Arthur Leander, a famous movie star, dies from a heart attack on stage during a production. Kristen Raymonde, a young child in the play, will never forget that night. For that night, the world dissolved. A devastating flu outbreak spread like wildfire, killing anyone infected within hours. Within weeks, civilization was no more.
Station Eleven switches between Arthur’s early days as a movie star and Kristen’s life after the pandemic, and her role in a theater group called the Traveling Symphony. While it roams the wastelands of this new earth, they run into a violent prophet set on having them join him or die.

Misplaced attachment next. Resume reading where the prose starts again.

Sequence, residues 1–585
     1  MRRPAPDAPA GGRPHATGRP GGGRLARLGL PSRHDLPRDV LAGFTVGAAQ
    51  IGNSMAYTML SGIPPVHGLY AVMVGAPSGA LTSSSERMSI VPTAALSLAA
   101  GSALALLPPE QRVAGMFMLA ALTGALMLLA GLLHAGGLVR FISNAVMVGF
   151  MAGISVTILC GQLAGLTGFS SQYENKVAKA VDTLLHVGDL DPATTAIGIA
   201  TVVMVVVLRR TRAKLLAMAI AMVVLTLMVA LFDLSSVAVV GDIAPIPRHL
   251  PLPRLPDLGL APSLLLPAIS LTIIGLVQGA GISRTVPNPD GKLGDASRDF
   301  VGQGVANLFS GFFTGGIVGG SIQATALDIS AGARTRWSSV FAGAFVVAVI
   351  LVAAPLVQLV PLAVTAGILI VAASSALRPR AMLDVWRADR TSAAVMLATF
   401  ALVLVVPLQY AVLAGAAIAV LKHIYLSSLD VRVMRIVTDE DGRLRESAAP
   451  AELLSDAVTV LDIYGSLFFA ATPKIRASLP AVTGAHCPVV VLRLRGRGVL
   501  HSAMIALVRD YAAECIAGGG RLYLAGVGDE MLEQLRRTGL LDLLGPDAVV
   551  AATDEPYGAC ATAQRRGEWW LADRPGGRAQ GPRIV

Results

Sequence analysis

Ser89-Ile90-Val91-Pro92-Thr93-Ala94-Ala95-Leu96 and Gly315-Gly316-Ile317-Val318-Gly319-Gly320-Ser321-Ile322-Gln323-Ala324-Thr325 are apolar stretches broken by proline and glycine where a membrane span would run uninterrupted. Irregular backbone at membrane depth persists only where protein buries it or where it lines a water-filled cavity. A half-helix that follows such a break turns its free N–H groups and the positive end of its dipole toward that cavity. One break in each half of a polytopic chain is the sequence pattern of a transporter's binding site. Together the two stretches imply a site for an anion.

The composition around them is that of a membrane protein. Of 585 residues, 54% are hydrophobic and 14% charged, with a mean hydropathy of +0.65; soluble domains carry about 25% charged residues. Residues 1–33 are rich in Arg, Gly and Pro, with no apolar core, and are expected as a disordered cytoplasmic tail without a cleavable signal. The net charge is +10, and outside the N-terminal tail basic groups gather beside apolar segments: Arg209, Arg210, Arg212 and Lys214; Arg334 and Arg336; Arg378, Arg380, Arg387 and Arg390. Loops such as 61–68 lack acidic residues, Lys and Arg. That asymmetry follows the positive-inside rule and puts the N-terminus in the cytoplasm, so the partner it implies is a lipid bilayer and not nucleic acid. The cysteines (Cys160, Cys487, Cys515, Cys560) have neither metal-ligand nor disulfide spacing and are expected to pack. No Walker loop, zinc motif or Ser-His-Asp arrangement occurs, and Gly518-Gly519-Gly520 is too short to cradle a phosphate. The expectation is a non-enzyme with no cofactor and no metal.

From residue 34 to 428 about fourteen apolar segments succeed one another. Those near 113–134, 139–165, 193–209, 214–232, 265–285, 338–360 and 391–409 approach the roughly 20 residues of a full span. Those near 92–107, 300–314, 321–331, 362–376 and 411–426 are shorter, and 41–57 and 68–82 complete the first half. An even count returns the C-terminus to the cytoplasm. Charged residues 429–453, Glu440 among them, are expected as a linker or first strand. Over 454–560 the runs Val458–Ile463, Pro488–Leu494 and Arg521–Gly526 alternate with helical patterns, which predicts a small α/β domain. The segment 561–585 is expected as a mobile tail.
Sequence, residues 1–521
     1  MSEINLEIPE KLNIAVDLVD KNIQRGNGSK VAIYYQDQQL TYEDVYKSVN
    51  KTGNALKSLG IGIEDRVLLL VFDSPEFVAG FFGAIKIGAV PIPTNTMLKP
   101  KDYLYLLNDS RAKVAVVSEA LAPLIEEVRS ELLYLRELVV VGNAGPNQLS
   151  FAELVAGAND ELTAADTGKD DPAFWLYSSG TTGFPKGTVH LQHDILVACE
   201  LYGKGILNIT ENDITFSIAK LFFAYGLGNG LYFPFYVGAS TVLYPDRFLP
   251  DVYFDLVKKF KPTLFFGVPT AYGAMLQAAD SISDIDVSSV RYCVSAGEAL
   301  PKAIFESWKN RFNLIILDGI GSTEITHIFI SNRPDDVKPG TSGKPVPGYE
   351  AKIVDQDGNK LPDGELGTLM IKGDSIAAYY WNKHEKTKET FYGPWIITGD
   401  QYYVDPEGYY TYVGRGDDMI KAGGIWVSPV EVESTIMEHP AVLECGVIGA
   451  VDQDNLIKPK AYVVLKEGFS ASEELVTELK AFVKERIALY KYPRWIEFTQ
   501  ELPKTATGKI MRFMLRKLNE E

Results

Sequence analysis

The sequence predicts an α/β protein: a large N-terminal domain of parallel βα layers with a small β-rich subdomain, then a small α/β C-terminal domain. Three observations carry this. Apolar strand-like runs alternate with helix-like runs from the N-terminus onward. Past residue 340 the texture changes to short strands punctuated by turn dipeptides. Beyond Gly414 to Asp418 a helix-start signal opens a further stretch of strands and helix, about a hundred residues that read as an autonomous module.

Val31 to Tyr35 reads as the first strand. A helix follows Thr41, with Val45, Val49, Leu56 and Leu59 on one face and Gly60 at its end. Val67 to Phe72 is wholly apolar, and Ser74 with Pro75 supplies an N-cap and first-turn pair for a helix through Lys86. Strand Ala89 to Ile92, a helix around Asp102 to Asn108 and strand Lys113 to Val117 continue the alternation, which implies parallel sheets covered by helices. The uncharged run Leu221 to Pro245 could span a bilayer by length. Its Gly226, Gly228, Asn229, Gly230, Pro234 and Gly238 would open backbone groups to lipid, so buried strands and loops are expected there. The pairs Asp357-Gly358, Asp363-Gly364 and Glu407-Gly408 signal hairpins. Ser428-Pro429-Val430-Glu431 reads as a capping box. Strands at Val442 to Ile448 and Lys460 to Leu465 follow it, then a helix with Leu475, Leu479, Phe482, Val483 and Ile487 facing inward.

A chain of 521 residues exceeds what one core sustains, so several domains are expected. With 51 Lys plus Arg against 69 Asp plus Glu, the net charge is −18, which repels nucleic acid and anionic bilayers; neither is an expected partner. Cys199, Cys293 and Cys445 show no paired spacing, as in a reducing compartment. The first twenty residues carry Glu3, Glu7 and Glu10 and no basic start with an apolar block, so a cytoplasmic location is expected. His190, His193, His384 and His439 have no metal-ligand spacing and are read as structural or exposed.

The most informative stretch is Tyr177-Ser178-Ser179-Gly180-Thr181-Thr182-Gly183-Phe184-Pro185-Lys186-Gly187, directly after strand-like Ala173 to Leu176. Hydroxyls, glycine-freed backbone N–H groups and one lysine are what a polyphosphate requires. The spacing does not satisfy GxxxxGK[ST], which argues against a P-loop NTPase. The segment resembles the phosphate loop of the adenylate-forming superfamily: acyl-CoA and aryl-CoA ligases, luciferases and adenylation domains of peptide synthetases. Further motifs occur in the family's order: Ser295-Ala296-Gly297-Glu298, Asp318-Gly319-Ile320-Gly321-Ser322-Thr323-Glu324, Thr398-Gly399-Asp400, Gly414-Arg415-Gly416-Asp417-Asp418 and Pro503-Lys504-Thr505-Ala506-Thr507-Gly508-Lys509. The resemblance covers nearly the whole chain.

If you’re someone who likes plot-driven reads, then this story isn’t for you. This book is not suspenseful. However, it’s themes snatched a part of me and refused to let go. Each page has a sharp insight that just grabs your attention and pounds around in your head. The main theme of this story is that it means more than just to survive. There are choices one must make that define character and how one belongs in the world.
Mandel does an amazing job creating this new world, complex characters, and situations that leave you breathless. Though after reading this, I do think I need to snuggle my boys closer and a nice warm cup of coffee. My emotions need a break.